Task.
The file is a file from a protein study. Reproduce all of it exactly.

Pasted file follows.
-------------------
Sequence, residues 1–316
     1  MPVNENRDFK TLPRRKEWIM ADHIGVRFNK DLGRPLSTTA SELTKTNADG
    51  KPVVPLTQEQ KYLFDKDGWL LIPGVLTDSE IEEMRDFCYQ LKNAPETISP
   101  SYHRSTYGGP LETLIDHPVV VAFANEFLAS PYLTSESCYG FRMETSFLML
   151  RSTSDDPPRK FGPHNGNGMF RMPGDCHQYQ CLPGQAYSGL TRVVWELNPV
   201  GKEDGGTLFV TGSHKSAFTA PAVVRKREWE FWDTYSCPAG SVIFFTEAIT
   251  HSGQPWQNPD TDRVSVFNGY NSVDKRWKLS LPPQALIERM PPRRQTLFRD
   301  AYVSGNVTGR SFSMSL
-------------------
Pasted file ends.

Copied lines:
Sequence, residues 1–316
     1  MPVNENRDFK TLPRRKEWIM ADHIGVRFNK DLGRPLSTTA SELTKTNADG
    51  KPVVPLTQEQ KYLFDKDGWL LIPGVLTDSE IEEMRDFCYQ LKNAPETISP
   101  SYHRSTYGGP LETLIDHPVV VAFANEFLAS PYLTSESCYG FRMETSFLML
   151  RSTSDDPPRK FGPHNGNGMF RMPGDCHQYQ CLPGQAYSGL TRVVWELNPV
   201  GKEDGGTLFV TGSHKSAFTA PAVVRKREWE FWDTYSCPAG SVIFFTEAIT
   251  HSGQPWQNPD TDRVSVFNGY NSVDKRWKLS LPPQALIERM PPRRQTLFRD
   301  AYVSGNVTGR SFSMSL